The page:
An April poll by Goucher College that asked if respondents had more confidence in Hogan or Maryland’s Democratic leaders to “handle” transportation and infrastructure issues found that 45 percent favored Hogan, compared with 36 percent for the Democrats.
“His strategy appears to be using traffic relief as a wedge issue for his reelection,” said Keith Haller, a Bethesda-based political consultant. “I think it’s a brilliant move.”
Candidates must walk a fine line between calling for better transit in urban areas like Baltimore and the D.C. suburbs and reassuring Democrats in outer suburbs and more rural parts of the state that they also feel their pain on the road.
At the same time, the party’s base — those most likely to turn out in a primary — adamantly favors transit over roads.
All the Democrats say they would restore plans to build the 14-mile light-rail line in Baltimore, which Hogan canceled shortly after taking office, calling it a “wasteful boondoggle.”
Candidate Alec Ross, a tech entrepreneur and former Obama administration official from Baltimore, called the decision politically motivated because the Red Line would have served some of Baltimore’s poorest neighborhoods.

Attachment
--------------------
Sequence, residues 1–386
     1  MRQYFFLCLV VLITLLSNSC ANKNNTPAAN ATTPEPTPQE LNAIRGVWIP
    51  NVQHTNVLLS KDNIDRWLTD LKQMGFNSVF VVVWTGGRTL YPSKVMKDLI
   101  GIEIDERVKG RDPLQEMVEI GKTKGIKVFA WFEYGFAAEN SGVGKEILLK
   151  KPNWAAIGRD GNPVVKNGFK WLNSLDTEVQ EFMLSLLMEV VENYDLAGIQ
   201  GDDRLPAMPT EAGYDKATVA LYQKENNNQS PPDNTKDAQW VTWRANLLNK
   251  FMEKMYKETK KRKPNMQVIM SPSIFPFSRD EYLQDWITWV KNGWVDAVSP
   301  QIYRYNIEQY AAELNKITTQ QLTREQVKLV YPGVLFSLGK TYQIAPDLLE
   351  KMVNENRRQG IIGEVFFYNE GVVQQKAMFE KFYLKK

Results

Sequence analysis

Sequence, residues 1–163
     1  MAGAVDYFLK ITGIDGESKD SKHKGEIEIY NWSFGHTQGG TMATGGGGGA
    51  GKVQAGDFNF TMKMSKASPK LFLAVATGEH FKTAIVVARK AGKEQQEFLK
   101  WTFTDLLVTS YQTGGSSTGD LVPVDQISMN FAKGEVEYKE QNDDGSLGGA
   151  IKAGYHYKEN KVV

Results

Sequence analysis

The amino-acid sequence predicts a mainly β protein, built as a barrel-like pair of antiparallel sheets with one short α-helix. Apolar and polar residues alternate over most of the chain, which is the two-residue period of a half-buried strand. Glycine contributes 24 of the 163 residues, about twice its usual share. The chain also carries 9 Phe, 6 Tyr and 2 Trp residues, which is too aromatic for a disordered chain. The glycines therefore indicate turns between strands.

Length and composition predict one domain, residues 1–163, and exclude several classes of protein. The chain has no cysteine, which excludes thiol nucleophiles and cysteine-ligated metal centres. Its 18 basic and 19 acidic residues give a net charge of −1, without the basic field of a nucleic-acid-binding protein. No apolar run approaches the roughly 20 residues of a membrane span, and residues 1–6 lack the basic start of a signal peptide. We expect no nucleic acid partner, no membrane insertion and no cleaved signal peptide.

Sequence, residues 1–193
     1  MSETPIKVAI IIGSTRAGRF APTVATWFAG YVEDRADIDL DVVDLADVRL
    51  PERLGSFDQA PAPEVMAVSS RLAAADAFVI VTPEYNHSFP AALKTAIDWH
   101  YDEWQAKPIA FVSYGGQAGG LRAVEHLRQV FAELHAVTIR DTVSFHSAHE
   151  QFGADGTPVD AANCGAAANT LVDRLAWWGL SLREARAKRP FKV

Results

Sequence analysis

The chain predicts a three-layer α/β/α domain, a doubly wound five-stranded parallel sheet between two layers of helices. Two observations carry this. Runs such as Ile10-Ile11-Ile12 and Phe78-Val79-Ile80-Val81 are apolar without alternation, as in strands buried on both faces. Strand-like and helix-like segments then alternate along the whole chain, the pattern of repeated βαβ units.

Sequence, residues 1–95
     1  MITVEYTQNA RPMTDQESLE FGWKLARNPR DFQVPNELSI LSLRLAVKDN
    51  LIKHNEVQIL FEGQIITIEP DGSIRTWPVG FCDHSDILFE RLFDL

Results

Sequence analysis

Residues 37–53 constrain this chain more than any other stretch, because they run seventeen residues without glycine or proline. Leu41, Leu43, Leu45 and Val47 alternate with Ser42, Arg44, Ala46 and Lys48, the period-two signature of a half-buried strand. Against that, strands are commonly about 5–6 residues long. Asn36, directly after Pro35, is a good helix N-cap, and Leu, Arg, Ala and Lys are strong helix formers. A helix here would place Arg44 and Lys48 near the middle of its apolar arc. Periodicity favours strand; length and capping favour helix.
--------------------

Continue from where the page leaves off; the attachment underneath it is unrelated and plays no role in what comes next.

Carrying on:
“Black Democrats are not Larry Hogan’s key constituency,” Ross said.
But none of the Democrats have cited a way to pay for the project, last estimated to cost $2.9 billion. The state forfeited $900 million in federal grants allotted to the Red Line when Hogan pulled the plug, and the Trump administration has proposed cutting construction aid for new transit projects.
“Unfortunately, we now have to start from the very beginning and go to our federal partners and ask them to put it back in the queue and make it our number one project in Maryland,” said candidate Rushern L. Baker III, the Prince George’s executive.
Most of the Democrats say Hogan’s plan to add toll lanes to the Beltway and I-270, fund Metro and support other Washington-area transportation projects are based on his quest for reelection.